And as is the way of the web, and its long reach, that image popped up again, tied to the ongoing story of mutual ‘support’ being explored by Sue, Sabrina and Stella, and now Jacob F Lucas. Jacob is a Seattle based photographer, and as the author of the image that had so moved Sue, he responded on his blog ‘Beyond Photography’….
The other day I received one of the most impactful and unexpected emails that I’ve ever received. It’s taken me a little while to fully understand and comprehend the contents of that email because put simply, what was said of my photography could well be the most important piece of feedback I’ve received thus far in my pursuit of my art.
The email came from my good friend and fellow photographer, Sabrina Henry. The email was about a friend of hers, Sue, who Sabrina had discussed photography with, discussed her own art with and discussed pursuits such as ART (Artist Round Table) that she’d developed to help others (myself included) with their own art. Until Monday, I had no idea that these discussions had taken place. Sabrina and Sue had in fact talked about ART experiences after the round table last year, and some of the attendee reactions (such as mine) at some length. I had no idea, but Sue fell in love with the image I posted, entitled “What Comes Next”, alongside my reaction post (included in the previous link, and on this post, above).
Tragically, Sue was diagnosed with an aggressive form of cancer late last year and passed away on Sunday. Sabrina had a chance to visit with Sue on Friday before she died, where Sue had an opportunity to again bring up my photograph. Sabrina’s email to me on Monday was to pass on Sue’s final thoughts on how much she enjoyed my image and how much it meant to her. The image brought her a peace and comfort, helped to allay concerns of her family left behind, and helped her to accept that she was about to move on from this life to what comes next. She wanted me to know that my art has an importance and to encourage me to keep pursuing it.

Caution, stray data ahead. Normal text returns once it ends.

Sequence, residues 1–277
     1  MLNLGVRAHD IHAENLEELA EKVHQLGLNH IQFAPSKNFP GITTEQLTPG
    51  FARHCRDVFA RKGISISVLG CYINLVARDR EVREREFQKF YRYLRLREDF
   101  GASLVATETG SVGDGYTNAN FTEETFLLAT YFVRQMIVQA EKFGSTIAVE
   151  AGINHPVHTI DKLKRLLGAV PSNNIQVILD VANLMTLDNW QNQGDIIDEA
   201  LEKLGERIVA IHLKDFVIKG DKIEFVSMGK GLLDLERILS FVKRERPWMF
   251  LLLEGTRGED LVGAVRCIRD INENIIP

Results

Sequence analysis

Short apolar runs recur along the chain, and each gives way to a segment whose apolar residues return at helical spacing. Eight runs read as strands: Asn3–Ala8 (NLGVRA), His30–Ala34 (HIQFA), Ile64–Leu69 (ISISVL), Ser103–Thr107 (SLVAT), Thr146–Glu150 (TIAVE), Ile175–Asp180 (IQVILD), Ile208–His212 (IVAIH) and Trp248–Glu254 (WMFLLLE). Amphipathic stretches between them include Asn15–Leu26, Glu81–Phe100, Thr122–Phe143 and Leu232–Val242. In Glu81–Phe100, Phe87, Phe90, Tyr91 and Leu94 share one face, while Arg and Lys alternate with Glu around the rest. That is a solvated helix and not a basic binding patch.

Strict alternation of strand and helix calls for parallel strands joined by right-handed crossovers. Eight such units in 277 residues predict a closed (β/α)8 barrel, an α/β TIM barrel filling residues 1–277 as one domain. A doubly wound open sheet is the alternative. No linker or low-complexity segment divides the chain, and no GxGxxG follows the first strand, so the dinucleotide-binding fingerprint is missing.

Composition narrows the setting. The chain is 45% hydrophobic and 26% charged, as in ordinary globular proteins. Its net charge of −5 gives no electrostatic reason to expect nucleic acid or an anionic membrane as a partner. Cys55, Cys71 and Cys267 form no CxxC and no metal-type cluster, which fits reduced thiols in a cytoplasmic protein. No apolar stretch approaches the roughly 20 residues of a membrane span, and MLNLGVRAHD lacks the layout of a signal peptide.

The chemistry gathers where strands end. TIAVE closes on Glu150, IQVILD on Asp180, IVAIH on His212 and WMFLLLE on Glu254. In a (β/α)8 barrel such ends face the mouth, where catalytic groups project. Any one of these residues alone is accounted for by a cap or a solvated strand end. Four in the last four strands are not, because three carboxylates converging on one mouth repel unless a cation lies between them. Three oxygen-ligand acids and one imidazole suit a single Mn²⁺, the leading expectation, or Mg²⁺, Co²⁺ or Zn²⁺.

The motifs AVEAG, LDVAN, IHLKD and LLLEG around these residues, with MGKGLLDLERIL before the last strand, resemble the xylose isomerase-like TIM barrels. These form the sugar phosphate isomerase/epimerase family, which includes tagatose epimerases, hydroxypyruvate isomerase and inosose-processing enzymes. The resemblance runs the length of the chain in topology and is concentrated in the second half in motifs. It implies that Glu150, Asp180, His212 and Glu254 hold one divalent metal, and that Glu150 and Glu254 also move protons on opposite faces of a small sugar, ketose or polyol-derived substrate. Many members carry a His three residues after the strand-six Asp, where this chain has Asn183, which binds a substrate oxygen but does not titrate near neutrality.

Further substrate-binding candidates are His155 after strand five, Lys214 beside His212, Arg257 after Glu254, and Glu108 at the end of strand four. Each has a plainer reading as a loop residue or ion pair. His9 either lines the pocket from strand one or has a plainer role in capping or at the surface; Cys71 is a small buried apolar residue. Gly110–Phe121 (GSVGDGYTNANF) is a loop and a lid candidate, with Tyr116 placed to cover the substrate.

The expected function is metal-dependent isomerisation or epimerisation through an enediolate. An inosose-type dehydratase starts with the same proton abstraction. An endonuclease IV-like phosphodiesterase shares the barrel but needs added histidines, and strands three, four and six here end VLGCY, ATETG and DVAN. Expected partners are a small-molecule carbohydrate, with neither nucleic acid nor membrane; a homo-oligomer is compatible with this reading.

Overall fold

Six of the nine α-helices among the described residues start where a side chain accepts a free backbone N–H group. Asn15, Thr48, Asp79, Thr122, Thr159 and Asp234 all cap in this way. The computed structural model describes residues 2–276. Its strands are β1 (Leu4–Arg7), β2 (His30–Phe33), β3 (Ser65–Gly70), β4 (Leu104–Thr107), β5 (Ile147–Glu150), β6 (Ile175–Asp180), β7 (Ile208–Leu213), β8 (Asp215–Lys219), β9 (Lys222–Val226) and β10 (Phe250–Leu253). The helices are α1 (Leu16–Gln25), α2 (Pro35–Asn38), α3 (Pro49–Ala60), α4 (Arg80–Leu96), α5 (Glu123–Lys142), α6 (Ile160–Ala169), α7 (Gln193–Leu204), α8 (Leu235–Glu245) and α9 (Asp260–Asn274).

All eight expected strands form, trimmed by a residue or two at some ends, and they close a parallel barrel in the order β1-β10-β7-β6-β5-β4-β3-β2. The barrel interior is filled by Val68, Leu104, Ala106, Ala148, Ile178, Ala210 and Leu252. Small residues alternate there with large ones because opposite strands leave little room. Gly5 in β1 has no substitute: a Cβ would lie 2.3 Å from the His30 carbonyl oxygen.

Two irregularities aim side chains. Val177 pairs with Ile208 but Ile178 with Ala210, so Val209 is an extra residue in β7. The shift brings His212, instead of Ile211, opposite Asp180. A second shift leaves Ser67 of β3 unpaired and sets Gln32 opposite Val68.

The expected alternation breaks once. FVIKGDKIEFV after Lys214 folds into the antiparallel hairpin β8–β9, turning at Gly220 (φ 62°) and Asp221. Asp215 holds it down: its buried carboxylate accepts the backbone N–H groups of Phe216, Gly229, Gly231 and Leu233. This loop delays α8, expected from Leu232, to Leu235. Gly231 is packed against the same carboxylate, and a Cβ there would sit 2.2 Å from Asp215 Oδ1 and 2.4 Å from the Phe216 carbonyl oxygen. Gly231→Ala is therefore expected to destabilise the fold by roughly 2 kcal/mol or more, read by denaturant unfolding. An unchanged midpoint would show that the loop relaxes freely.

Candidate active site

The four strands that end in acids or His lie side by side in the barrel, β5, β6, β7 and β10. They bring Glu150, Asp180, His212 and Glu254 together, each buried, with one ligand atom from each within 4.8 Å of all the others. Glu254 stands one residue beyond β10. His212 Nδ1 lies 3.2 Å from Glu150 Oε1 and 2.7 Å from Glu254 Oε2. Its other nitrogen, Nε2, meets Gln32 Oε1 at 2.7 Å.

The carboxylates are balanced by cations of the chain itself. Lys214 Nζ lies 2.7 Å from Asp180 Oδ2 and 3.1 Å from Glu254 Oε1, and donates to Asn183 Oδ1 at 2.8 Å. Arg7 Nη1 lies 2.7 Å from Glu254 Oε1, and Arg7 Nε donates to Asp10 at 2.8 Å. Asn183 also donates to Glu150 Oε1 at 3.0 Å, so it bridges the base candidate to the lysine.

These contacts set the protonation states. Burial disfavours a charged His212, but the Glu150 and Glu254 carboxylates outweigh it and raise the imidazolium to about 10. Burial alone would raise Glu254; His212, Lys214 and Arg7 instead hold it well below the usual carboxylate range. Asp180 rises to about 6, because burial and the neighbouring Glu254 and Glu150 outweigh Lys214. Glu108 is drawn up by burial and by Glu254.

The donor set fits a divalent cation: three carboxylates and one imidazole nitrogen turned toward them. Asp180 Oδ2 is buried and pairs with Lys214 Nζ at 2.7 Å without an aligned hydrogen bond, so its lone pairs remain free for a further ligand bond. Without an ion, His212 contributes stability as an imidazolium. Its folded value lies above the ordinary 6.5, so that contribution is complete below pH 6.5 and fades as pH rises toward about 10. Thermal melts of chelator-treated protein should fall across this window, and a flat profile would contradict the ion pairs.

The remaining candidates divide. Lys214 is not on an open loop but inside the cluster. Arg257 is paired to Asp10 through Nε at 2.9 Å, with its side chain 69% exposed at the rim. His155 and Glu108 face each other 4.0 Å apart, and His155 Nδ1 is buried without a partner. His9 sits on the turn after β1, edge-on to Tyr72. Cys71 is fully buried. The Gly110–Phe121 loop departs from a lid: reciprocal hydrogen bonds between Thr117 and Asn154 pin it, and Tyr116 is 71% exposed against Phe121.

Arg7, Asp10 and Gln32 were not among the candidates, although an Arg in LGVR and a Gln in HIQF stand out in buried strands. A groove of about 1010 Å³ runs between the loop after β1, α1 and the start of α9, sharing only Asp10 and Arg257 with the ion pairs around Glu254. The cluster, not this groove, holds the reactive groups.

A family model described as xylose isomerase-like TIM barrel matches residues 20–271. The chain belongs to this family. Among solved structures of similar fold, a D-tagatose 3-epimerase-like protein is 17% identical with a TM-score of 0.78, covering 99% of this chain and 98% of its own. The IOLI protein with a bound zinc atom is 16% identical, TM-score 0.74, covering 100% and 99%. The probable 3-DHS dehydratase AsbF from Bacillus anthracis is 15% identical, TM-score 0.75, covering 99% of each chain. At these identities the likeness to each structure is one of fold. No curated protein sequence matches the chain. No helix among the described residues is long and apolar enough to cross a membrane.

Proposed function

Which brings us full circle, and to those judges at Banff, who had an opportunity to…….well….simply, offer encouragement. To tease out the best in people, by example. And to make a difference, at best by finding something worth applauding, or at worst eloquently offering their guidance, thoughtful critique and motivation to entrants to try much much harder next time. But who instead chose a different course. Looking for ‘the story’ is a laudable aim. But to let that blinker you, and dismiss the storytellers and everything else they have to offer you, is an act you all may come to regret.
For me the “pain of awareness” is not something to stifle, but to celebrate, because it reminds us we’re alive. Jacob and Sabrina know that only too well, and so did Sue. And so do all those people in Banff with their cameras who are joyously shrugging off “the uncomfortable difficulty of actually seeing” and reveling in open-eyed wonder at all that surrounds them.
I’ll leave the last word to Jacob because it should serve as a reminder that what we each have to offer is considerable, but we may not ever know it, and those of us who do make that discovery should consider ourselves very, very lucky:
“I was floored when I read this. Humbled. Proud. Sad for my friend Sabrina who lost someone close to her. Sad for Sue and her family. Elated that my image could comfort someone so much at the end of their life. Shocked that my art could have such an impact. Grateful that someone thought to encourage me in such a way.”
(For information on ART – Artists Round Table 2013 events contact Sabrina Henry)